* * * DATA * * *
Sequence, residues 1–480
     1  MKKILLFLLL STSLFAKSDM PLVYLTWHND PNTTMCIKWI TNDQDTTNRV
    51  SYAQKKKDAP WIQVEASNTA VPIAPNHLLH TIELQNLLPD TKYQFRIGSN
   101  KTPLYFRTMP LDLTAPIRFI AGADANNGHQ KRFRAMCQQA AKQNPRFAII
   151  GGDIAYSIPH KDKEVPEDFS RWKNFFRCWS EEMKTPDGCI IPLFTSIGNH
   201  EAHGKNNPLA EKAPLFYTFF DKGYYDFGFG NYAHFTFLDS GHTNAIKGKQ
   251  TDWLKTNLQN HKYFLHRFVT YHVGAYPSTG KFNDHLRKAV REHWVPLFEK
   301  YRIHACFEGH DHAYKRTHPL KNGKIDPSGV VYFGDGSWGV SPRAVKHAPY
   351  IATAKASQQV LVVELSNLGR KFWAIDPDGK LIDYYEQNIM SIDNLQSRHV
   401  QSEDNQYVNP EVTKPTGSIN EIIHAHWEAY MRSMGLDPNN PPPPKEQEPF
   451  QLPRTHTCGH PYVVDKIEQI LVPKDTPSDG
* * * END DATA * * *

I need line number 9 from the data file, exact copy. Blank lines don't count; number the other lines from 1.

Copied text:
   351  IATAKASQQV LVVELSNLGR KFWAIDPDGK LIDYYEQNIM SIDNLQSRHV